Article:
Huntington’s Teq is beefing up its pro-dev platform for teachers.
Buffalo’s First Niagara is exploring a sale, maybe to NY Community Bancorp or TD Bank.
WeWork founder Adam Neumann, 36, has been named to Fortune’s 40 Under 40 list.
CLICKED IN: Top click-throughs from last Friday’s blast: Inside the Cablevision deal, Long Island’s other angel network, time for the state’s annual eco-dev contest and Farrell Fritz scores big in Super Lawyers ranking.
And: A few of you just couldn’t resist finding out the seven foods you can cook in a coffee pot. Can’t blame you.
STUFF WE’RE GOING TO
(Besides the Innovator of the Year awards)
The Alternative Board hosts Building a World Class Sales Org with the CEO of Sandler Training, Oct. 1, 8-10 a.m., Melville Marriott, $95 now, $125 at the door. Reservations here.
LISTnet’s annual must-attend LISA awards event is Oct. 8, 6-9 p.m. at the Garden City Hotel. Reach out to Paul Trapani at firstname.lastname@example.org.
EGC presents Breakfast With Google, Oct. 20, 8-10:30 a.m., LIU Post, $50, register here.
JA, BITTE: German newspaper giant Axel Springer is in talks to buy Business Insider in a $560 million deal.
NO ROOM ON THE 2ND FLOOR: Gov. Cuomo appointed 11 people to his executive staff and various departments on Thursday. Long Island went 0-11.
VOTE OF CONFIDENCE: San Diego-based Everyone Counts, which provides secure SaaS voting systems that eliminate the need for machines and paper ballots, has raised $4M. The company also took on $16M in mezzanine debt, according to a statement.
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BIT O’ MONEY: Circle Internet Financial has been issued New York’s first BitLicense, the state’s credential to ensure money-transmission companies minimize money laundering and other dastardly deeds.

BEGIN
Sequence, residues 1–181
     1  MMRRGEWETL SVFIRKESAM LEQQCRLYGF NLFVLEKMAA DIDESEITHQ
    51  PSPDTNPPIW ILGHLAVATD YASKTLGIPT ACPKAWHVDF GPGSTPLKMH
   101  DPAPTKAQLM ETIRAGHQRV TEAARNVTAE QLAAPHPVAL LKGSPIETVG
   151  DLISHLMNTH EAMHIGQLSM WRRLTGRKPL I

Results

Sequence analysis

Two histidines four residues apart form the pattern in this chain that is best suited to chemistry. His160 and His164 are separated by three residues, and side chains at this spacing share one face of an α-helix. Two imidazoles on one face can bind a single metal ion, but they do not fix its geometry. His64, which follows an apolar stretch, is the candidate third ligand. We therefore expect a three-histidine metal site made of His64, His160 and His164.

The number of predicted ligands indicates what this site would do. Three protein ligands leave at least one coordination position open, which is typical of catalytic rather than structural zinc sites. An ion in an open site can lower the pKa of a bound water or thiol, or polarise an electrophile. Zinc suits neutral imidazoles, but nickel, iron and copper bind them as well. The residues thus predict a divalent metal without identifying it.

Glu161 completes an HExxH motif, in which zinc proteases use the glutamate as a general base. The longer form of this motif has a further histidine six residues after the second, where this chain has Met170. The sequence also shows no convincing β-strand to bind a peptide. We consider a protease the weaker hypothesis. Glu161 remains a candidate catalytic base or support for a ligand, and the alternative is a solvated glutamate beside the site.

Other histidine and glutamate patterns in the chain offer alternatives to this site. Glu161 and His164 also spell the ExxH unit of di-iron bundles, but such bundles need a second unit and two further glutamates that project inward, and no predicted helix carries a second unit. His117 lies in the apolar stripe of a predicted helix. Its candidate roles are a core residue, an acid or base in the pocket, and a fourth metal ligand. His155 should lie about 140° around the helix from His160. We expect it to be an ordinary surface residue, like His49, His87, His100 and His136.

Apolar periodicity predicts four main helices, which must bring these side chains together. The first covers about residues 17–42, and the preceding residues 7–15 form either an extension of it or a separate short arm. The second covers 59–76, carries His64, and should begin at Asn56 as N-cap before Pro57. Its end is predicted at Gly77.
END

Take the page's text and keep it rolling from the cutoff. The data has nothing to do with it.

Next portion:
CORN HUSKING: Young techies are fleeing the Bay area over housing costs, with Nebraska’s Silicon Prairie a popular destination. Salaries are half as much, but the median home price is $157,000 versus $950,000 in San Fran.
And: Smart Asset ranks the top 10 cities with the lowest start-up costs. (Hint: Chattanooga is really nice this time of year.)
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BELOW THE FOLD
TRASH TALKING: An audit by State Comptroller Thomas DiNapoli suggests the MTA’s plan to get cleaner subway stations by removing waste bins is a bust. “After four years the best one can say about this experiment is … that riders have a harder time finding a trash can,” DiNapoli said.
THIS IS TRUE: A former Oklahoma City cop has been sentenced to two years in prison for running polygraph.com, a site that helped people beat police lie detector tests. Domain might be available now, though.
FUR THE RECORD: Gothamites own a record 576,000 cats, according to a census conducted by the city health department. No surprise, the number of stray cats turned into City shelters is booming.
LATEST CHINESE CRAZE: Barrettes that sprout a bean shoot from the top of your head. (Honest.)
Kinda related: Vox explains man buns.
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Compiled by John Kominicki. Thanks for reading.